The New Genetics and Women

The U.S. Human Genome Project (HGP) is a federally funded effort to produce a detailed genetic and physical map of all human chromosomes. Because of their central role in reproduction and caregiving, women are likely to be affected differently, and more significantly, by the information the HGP generates. It is important to identify inequities that may emerge from gender differences and to consider ways in which they may be avoided, reduced, or overcome. Although this type of analysis is one of the goals of the Ethical, Legal, and Social Issues Program of the National Center for Human Genome Research, few studies have focused explicitly on the impact of the HGP on women. This article describes the potential impact of the “new genetics” on women. Identification of gender differences as they affect both research and clinical practice and the psychosocial, legal, and ethical implications of the HGP should evoke and inform public discussion and policies that may be generated by these issues.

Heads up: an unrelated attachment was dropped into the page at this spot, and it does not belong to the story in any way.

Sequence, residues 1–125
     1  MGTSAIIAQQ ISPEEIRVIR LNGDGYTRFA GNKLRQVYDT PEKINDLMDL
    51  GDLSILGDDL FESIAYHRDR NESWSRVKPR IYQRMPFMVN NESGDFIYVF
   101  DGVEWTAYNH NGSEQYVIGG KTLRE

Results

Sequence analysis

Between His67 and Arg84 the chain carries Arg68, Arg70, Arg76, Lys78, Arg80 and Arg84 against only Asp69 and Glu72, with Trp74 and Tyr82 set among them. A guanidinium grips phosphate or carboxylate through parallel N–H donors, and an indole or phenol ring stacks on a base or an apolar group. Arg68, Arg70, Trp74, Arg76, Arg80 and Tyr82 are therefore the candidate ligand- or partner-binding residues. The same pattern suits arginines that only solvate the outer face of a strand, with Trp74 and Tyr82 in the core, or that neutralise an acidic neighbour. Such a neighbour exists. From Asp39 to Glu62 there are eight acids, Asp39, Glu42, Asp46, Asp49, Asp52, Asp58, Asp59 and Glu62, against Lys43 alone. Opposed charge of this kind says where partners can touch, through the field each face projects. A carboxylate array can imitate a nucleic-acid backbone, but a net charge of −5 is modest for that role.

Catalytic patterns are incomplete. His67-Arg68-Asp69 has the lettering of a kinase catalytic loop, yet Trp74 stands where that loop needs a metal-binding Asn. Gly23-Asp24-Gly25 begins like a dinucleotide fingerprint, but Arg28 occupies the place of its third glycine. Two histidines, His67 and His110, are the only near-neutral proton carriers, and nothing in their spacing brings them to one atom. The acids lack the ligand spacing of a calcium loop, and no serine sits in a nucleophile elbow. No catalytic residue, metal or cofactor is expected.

Author(s): Mary B. Mahowald; Dana Levinson; Christine Cassel; Amy Lemke; Carole Ober; James Bowman; Michelle Le Beau; Amy Ravin; Melissa Times

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Volume 74, Issue 2 (pages 239–283)
Published in 1996